I’m adding a couple of new fixtures here on sylvre.com: A page that will list links to all my blogs, and a front page widget that gives the reading order for all my books in a series.

I sound busy, don’t I? I’ve got more percolating, so time will just have to stretch for me. No problem, right?

Thanks for reading. I look forward to seeing you a lot more often in the months to come. In case you don’t know it, I love comments! Sometimes I even bribe readers with a contest for them, but this time, I’ll just say, hey, I’d love to hear your thoughts about anything in this post, or about your plans for 2018. Otherwise, I’ll see you soon.

Leave a Comment

Filed under A Shot of J&B, featured authors, just a category, Lou Hoffmann, Lou Sylvre, M/M romance, News, Vasquez Security TNG

Lou Hoffmann’s *Key of Behliseth*, dragons and wizards and swords, oh my!

KeyofBehliseth_postcard_front_Harmony Happy to announce that Harmony Ink (Dreamspinner Press Imprint) will release Key of Behliseth (the first book in The Sun Child Chronicles), on 9/11/14. Visit Pride Promotions to enter the ebook giveaway raffle! There’s also a 20% discount on pre-orders at the Dreamspinner Press Store! At checkout, Use code SUNCHILD. It’s good on e-book and paperback, and if you can get there today, you get another 25% off!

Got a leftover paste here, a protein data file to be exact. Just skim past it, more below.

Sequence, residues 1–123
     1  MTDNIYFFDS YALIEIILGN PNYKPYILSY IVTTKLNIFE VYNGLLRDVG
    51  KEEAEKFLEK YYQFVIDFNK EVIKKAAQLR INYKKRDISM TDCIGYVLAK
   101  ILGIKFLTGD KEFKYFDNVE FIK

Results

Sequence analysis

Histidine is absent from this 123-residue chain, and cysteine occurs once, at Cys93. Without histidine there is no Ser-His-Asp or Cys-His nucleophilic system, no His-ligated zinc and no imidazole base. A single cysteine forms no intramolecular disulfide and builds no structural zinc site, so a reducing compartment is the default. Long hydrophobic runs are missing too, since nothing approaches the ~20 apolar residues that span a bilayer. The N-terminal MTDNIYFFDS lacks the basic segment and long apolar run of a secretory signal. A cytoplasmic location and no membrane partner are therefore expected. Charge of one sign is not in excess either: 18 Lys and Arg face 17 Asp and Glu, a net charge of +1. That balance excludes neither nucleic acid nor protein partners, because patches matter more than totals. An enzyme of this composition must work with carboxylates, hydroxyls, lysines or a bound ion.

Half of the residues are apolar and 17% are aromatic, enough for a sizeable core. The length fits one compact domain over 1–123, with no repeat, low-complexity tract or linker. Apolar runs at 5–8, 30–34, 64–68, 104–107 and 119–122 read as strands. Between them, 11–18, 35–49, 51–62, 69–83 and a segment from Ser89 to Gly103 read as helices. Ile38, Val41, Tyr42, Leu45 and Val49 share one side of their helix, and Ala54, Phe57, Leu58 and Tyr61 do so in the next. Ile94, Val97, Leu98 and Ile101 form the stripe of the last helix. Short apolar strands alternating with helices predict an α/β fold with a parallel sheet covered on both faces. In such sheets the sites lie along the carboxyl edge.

On his way to meet a fate he’d rather avoid, homeless gay teen Lucky steps through a wizard’s door and is caught up in a whirlwind quest and an ancient war. He tries to convince himself that his involvement with sword fights, magic, and interworld travelMan on spiritual journey is a fluke, and that ice-breathing dragons and fire-breathing eagles don’t really exist. But with each passing hour, he remembers more about who he is and where he’s from, and with help, he begins to claim his power.

Lucky might someday rule a nation, but before he can do that, he must remember his true name, accept his destiny, and master his extraordinary abilities. Only then can he help to banish the evil that has invaded earth and find his way home—through a gateway to another world.

Lou Hoffmann, a mother and grandmother now, has carried on her love affair with books for more than half a century, and she hasn’t even made a dent in the list of books she’d love to read—partly because the list keeps growing as more and more fascinating tales are told in written form. She reads factual things—books about physics and stars and fractal chaos, but when she wants truth, she looks for it in quality fiction. Through all that time she’s written stories of her own, but she’s come to be a published author only as a johnnie-come-lately. Lou loves other kinds of beauty as well, including music and silence, laughter and tears, youth and age, sunshine and storms, forests and fields, rivers and seas. Proud to be a bisexual woman, she’s seen the world change and change back and change more in dozens of ways, and she has great hope for the freedom to love in the world the youth of today will create in the future.